But this is why the TEFL Workers’ Union exists.  We’re not in the least bit surprised that bosses’ organisations like English UK or the British Council fail to hold our bosses to account. And because they won’t, we will. If you’ve been mistreated at work, the union has got your back. Whether it’s legal advice, representation in a disciplinary or grievance, or a public campaign, we’re here to hold your boss to account.

The Great Pause – Seven interviews on Covid with workers in India.

Angry Workers

“We were always told one must work to survive, but for the first time we witnessed a situation where to stay alive, one must stop working.”— A factory worker in Delhi (Our friend and comrade Anumeha Yadav interviewed male and female workers in different industries about their experiences during and after Covid.

We document these interviews here. We engaged in similar interviews here in the UK, if you haven’t read them yet, check out the summary) When the central government announced a lockdown with four hours-notice on March 24th, workers responded in multiple ways. Some queued up for hours to get food rations as relief, others walked or cycled over hundreds of kilometers, leaving slums and the work-sites they reside in, to return to villages for wheat harvest or paddy planting, or to be with their families during a health emergency. Most of these workers lacked any formal contracts and association. But they organised at work-sites to demand being allowed to return to their homes in villages. At many sites, the agitations even turned violent. The government was pressured to run special trains to labour-surplus regions in north and east India.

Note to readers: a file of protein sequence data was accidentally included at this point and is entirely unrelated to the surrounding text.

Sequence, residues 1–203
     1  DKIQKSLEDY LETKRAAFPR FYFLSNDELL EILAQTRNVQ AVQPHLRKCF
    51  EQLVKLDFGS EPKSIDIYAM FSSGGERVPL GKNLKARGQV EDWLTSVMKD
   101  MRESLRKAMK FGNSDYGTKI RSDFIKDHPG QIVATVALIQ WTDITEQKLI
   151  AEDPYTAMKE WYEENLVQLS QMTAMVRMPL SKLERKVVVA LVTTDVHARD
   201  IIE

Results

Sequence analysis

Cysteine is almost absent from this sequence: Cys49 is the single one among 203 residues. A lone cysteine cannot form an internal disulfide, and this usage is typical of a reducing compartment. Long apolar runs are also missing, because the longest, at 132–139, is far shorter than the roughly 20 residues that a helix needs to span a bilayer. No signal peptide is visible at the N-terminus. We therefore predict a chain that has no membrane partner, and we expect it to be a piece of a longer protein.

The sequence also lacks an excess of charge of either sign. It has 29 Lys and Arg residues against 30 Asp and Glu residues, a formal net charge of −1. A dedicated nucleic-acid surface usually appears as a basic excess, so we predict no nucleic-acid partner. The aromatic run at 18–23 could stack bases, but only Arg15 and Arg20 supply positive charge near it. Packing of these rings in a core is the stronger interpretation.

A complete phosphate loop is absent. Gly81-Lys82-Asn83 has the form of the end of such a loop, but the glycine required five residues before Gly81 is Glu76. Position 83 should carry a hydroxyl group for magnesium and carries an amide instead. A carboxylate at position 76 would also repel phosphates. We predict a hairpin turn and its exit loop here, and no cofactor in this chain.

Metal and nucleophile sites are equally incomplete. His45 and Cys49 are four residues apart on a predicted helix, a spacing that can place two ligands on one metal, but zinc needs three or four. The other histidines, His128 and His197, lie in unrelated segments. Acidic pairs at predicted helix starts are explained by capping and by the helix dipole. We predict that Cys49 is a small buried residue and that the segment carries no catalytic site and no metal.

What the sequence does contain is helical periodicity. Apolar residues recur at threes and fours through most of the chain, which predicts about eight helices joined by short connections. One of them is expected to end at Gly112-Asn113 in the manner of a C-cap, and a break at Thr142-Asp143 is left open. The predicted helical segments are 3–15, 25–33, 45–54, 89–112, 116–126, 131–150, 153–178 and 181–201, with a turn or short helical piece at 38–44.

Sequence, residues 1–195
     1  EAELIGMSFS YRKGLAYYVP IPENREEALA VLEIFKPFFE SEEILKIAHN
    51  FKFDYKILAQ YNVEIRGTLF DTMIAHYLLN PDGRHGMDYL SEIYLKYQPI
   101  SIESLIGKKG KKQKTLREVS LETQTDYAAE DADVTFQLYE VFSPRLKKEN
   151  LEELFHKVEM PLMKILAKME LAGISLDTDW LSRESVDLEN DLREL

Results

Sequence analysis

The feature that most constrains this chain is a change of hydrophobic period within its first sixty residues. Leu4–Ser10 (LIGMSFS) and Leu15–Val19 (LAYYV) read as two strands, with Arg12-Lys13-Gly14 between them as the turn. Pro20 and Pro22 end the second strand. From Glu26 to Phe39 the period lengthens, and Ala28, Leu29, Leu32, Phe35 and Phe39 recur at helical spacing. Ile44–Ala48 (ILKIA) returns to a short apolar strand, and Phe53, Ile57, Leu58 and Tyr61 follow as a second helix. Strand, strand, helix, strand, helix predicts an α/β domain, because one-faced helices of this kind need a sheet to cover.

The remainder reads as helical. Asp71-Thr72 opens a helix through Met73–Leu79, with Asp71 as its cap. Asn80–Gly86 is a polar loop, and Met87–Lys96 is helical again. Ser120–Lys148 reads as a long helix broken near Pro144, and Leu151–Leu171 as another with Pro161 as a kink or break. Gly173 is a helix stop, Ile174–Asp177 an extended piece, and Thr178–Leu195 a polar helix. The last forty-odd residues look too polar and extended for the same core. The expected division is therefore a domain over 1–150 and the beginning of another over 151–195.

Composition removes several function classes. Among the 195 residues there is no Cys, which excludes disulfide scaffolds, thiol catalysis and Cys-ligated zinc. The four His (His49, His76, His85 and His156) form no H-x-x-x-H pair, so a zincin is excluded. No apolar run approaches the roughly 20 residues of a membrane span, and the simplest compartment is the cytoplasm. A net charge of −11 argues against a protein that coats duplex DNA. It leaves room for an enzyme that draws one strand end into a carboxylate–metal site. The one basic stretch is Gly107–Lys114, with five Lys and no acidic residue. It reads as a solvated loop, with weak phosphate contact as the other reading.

After June 2020, work steadily resumed at construction sites, commercial establishments including shops, malls, factories, workshops, offices, though with changes. The coronavirus pandemic strained international links in production, and the movement of people across the globe for daily business. The State as well as corporations recalibrated production. Firms cut back operations in some areas, but also expanded into new markets and opportunities, such as in bio-tech, or home deliveries.

Organizations used the flux created by Covid-19 to

Read more

Always Against Prison — From Hamilton to Minneapolis by Northshore Counter Info

It’s Going Down

Report back on banner drop in solidarity with five people facing serious charges following a New Year’s Eve noise demonstration in so-called Minneapolis.

This evening, we dropped a banner over highway 403 going towards Toronto in solidarity with the five people in Minneapolis facing serious felony charges in connection to a New Year’s eve noise demo in that city. Although we’re glad all five are out on bail, the arrests and charges mark a significant escalation of repression against an international anarchist tradition.

In our region, New Year’s noise demos started in 2009 in response to a hunger strike campaign by anarchist prisoners, and we have kept doing them every year since. These demos let us a share a moment of celebration with prisoners, breaking the alienation through direct action. As an international tradition, they are also a thread that connects us to anarchists elsewhere, allowing us to exchange ideas and tactics with people whose contexts are quite different than ours.

We can only imagine how the context in Minneapolis has shifted following the uprising. Struggle can seem so slow sometimes, building little by little, year by year. But then you get periods like this summer. It seems calmer now, but the same kind of state violence and impunity continues: we read about how there was another police murder in south Minneapolis this past week, and how the cop who murdered Jacob Blake in Kenosha was not charged.